Mangalore: Congress internal election turns out to be 'undemocratic'
Deekshith D V
Daijiworld Media Network - Mangalore
Mangalore, Feb 28: The Congress 'internal election' to choose a Lok Sabha candidate from Mangalore seems to be running into rough weather, with many party workers expressing discontent over the process as it has kept sincere party workers and many office-bearers from having a say.
It may not be an exaggeration to say that the process which was supposed to be democratic in principal has instead turned out to be selective and even lopsided, with many genuine party loyalists at the grassroots level finding that they do not 'qualify' to be voters in the election process.
Speaking to daijiworld, former gram panchayt member from Sulliataluk complained, "The internal election in the Congress party has created confusion among the party workers who have served for several years. This has triggered groupism within the party. The 19-point selection criteria has deprived several party workers and block Congress members from taking part in internal election.
"Right to vote in the internal election should be given to everyone equally," he added.
Several taluk level and block level party leaders and workers have expressed their disappointment over the process of internal election which has failed to adhere to the principals of democracy, it is learnt.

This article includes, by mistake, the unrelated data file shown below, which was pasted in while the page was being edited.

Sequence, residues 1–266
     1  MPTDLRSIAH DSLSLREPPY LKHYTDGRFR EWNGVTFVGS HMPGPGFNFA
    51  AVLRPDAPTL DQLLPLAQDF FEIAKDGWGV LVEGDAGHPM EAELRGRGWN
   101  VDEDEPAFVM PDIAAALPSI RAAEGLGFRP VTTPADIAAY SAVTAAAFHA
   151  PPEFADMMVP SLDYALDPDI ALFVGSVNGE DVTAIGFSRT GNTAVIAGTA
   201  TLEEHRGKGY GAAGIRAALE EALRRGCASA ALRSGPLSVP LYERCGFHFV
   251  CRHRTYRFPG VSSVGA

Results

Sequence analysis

According to the sources, so far 617 voters have been found eligible for voting. Voting rights of 447 Congress members have been withheld as they do not meet the prescribed norms of criteria. The scrutiny of voters ends on Friday February 28. Though earlier it was said that district level cooperative societies would be provided an opportunity to vote, they have been dropped from the voters' list.
Interestingly, the MLA candidates from Congress who were defeated in the past elections, Congress Kissan Cell, INTUC, and party workers at the Congress district, block, taluk, booth and ward levels and grassroots level have been deprived of voting rights.
Although, as per AICC vice-president Rahul Gandhi's idea, the Congress high command attempted to reach the grassroots in selecting its candidate, the result has been quite the opposite. The common party worker has been completely kept out of the process, and only the so-called creamy layer is eligible to vote. There are several workers who have loyally served the party for many years, but they find no voice even in their party's own election process.